St. Paul City Council Member Dai Thao was barred from allegedly helping a voter at the polls last November, and wrongly interpreted federal, state and case laws in arguing his innocence, a prosecutor argued in a recent court filing.

The court should deny Thao’s request for a dismissal of the charges against him, and should convict him at trial, Chief Deputy Dakota County Attorney Phil Prokopowicz wrote in a motion filed Monday.

“It cannot be denied that a candidate for elected office has a unique interest in the outcome of an election that differs from that of other citizens,” Prokopowicz wrote.

“… Such an interest creates partisan incentives, actual or perceived, for candidates to engage in misconduct. Minnesota election laws which regulate the actions of candidates for elected office in a polling place on the day of election are reasonable acts that serve to protect the right to vote and the overall integrity of an election.”

Thao, 43, was charged in Ramsey County District Court earlier this year with a gross misdemeanor count of unlawfully marking a ballot, and two petty misdemeanor counts — misconduct in and near polling places and unlawfully assisting a voter. The Dakota County Attorney’s Office is prosecuting the case to avoid a conflict of interest.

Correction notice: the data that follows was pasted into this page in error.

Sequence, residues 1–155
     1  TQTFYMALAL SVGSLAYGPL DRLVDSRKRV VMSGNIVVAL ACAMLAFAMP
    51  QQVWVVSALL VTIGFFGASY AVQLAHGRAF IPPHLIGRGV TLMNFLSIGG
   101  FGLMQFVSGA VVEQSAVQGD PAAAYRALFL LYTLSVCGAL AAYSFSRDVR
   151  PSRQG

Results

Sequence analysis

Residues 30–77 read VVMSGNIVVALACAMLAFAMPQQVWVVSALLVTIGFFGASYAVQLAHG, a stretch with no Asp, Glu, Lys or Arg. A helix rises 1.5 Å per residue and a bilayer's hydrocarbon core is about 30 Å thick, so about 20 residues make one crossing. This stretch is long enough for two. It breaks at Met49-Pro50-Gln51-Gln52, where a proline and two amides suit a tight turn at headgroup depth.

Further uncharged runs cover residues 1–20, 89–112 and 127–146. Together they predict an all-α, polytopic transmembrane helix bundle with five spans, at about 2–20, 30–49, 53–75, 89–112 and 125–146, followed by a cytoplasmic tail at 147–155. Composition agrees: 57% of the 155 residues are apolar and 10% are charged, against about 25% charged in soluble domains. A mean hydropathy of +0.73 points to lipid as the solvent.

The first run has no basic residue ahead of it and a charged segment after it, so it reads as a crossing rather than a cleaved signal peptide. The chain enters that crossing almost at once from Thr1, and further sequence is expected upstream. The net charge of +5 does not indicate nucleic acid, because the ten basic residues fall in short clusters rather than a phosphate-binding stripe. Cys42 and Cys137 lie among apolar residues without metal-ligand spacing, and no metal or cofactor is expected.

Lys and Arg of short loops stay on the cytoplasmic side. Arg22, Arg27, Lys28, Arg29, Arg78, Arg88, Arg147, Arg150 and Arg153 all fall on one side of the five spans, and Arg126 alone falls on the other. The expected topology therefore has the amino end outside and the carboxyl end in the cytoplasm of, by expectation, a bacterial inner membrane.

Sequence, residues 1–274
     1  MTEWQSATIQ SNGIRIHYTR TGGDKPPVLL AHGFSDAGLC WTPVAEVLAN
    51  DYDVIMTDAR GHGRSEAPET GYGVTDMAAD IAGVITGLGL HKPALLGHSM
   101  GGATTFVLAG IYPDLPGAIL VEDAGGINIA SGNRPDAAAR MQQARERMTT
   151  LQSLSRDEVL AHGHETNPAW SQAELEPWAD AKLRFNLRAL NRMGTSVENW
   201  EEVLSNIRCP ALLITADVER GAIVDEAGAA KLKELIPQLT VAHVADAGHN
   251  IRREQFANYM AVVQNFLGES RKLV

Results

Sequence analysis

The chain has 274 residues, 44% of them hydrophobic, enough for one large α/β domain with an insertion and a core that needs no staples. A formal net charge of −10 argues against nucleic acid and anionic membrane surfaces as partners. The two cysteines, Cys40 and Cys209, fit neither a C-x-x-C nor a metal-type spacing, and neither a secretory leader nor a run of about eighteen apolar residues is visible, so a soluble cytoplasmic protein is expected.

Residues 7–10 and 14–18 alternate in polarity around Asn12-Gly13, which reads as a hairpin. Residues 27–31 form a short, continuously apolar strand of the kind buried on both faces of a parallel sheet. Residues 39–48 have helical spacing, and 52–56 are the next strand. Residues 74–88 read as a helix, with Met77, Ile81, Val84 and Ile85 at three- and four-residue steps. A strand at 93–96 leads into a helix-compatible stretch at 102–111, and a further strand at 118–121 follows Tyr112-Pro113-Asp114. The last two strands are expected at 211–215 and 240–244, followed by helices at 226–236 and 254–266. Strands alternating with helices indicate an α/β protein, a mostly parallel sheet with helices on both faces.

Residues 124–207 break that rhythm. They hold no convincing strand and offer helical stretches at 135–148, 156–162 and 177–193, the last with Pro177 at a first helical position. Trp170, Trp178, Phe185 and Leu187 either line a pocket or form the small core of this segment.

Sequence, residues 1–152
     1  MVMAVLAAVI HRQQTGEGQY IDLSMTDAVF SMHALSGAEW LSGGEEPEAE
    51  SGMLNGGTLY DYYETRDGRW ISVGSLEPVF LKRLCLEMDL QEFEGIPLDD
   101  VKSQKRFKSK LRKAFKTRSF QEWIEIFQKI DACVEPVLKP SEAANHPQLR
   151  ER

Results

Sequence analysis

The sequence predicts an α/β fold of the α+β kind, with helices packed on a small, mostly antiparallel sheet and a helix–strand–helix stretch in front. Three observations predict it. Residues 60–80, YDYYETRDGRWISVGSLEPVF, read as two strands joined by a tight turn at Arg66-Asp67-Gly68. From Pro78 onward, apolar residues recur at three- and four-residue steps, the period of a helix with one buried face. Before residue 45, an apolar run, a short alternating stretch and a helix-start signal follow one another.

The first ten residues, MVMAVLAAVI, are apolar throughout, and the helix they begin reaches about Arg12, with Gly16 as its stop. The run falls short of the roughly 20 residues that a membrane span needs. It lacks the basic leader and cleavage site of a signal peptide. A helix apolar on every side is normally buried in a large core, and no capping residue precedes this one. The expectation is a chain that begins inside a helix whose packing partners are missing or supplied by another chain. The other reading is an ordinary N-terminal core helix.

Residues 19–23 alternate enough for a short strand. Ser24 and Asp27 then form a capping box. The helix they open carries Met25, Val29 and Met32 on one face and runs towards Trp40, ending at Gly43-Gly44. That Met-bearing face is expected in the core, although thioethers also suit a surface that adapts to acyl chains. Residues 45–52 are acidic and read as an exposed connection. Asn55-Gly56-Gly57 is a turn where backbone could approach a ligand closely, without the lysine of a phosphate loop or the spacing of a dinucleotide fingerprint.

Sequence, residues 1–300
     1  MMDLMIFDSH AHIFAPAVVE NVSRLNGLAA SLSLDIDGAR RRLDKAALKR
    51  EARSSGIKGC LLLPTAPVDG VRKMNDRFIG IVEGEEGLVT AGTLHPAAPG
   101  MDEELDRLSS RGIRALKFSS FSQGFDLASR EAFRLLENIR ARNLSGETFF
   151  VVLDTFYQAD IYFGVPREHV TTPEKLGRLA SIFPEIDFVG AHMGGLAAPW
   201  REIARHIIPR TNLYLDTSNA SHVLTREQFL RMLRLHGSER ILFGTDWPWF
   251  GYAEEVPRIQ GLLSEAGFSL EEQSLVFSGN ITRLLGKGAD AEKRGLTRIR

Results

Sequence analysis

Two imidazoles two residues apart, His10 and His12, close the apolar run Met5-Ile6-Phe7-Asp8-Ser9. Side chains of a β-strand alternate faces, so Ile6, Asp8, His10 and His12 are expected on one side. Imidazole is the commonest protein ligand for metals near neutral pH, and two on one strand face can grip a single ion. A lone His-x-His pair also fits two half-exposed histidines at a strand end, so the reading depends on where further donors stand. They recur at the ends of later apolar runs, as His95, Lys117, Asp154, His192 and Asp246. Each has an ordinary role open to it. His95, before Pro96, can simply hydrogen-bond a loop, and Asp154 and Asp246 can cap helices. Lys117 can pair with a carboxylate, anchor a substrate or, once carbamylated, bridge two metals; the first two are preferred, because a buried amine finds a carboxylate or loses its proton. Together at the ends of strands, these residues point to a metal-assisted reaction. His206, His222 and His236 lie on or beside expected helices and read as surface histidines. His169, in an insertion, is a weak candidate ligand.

Authorities allege that on Nov. 6, Thao approached the woman and others outside of her home, identified himself as “Mr. Xiong” and offered to help them vote. He was running for mayor of St. Paul at the time.

Thao’s attorney, Joe Dixon, filed a motion last month asking a judge to dismiss the counts, or for an acquittal. Dixon argued that prosecutors failed to prove their case and that the charges violate federal law, including the Voting Rights Act (VRA), and the U.S. Constitution.

Prokopowicz argued that states have federal authority to regulate their own elections. Minnesota law, he added, does not interfere with federal voting protections, including the VRA, which allows voters to seek assistance at the polls.

Dixon had argued that Thao, who is Hmong, drove a 63-year-old Hmong woman who did not speak English to an early voting site, interpreted for her and helped her vote. Dixon also argued that Thao wasn’t aware that his actions were prohibited.

Thao’s alleged ignorance does not shield him from prosecution, Prokopowicz said.

Thao waived a jury trial. His pretrial hearing is scheduled for Aug. 13.


Twitter: @ChaoStrib